Vollebak is the brainchild of former adidas creatives Steve and Nick Tidball. Combining their passion for extreme outdoor sports and a strong desire to innovate, Vollebak is an 18 month old startup which aims to to enhance the performance of athletes using expert research and design, plus the personal experience and artistic insight of its founders.
With next year’s big game of football and fighting slowly creeping onto the horizon, it’s likely that things will become more and more infused with a bit of Russia in the coming months. Gosha is already on it though, and has been for some time. Whether you like it or not, the appropriation of a certain look is pretty current, with every plummy kid this side of the Home Counties somehow dressing like a 1990s shoplifter. It’s a strong look, tbf.
Yeah, we get it, the kids all need new uniforms, you’re barely back in the black after spending too much on Sangrias and sunglasses with little umbrellas on them. The last thing you want to be doing is dropping half a bag of sand on a substantial winter jacket. Wait at least another month for that. For now, your appetite can be sated with something like the five we’ve chosen below. We’ll come back to this again when your winter blues kick in. 1.
Muck Rack makes it simple to find people, tweets, or articles that mention any name, keyword, company, hashtag etc. We've compiled this guide to help you make the most of your search.
Selecting a term
Start searching tweets, articles from media outlets, articles mentioned in tweets, journalists'
names, titles and bios with some suggested searches:
Companies or Topics (e.g. iPhone, Microsoft)
Phrases (e.g. "cloud computing") — use quotes to keep the terms together
Twitter handles (e.g. @username) — returns those who have mentioned or replied to
Names (e.g. "David Pogue")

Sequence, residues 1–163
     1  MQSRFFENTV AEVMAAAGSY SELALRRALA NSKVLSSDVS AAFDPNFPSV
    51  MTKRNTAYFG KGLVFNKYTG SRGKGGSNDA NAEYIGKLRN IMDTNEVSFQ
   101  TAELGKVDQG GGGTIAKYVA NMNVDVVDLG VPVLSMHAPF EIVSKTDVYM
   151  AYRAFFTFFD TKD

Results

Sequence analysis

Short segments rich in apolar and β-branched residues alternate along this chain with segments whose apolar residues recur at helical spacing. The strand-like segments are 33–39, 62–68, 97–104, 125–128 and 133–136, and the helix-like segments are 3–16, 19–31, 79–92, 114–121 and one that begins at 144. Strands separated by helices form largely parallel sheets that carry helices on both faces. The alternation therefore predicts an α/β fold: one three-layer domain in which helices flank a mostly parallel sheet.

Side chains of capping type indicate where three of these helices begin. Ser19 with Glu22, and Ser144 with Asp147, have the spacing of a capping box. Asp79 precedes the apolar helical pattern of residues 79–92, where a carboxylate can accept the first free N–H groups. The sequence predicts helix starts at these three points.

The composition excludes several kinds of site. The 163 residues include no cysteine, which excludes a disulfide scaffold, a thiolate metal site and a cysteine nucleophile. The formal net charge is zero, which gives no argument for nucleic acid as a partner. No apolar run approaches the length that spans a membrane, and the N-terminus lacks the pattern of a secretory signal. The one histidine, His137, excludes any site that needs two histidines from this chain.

Hashtags (e.g. #sxsw, #london2012)
Bio details (e.g. vegan, Olympics, father)
Muck Rack's Advanced Search allows for many boolean operators.
Find results that mention multiple specified terms, use AND or
+. For example, ensure each result contains both Elon Musk and Mark Zuckerberg by
searching Obama AND Romney or Obama + Romney.
Use the operators OR or , to broaden your search when you'd like either of
multiple terms to appear in results. (This is the default behavior of our search when no operators
are used.) For example, search for democrat OR republican to find results that refer to
Democrats and/or Republicans.
Use NOT or - to subtract results from your search. For
example, searching Disney will yield results about the Walt Disney Company as well as Walt Disney
World Resort. To exclude mentions of Disney World, search for Disney -World or Disney
When using one of these operators with a phrase, enclose it in quotation marks. For example, you can
find results about smartphones excluding Apple's iPhone 4S by searching smartphone -"iPhone
Exact case matching or punctuation
If you're searching for a brand name or keyword that relies on specific punctuation marks or capitalization, you can
find results that match your exact query by adding matchcase: before the keyword you're searching for, like matchcase:E*TRADE .
Use parentheses to separate multiple
boolean phrases. For example, to find journalists talking about having fun in Disney World or
Disneyland, search for ("disney world" OR disneyland) AND fun.
An asterisk can be used to search for any variation of a root word truncated by the asterisk. For example, searching for admin* will return results for administrator, administration, administer, administered, etc.
A near operator is an AND operator where you can control the distance between the words. You can vary the distance the near operation uses by adding a forward slash and number (between 0-99) such as strawberries NEAR/10 "whipped cream", which means the strawberries must exist within 10 words of "whipped cream".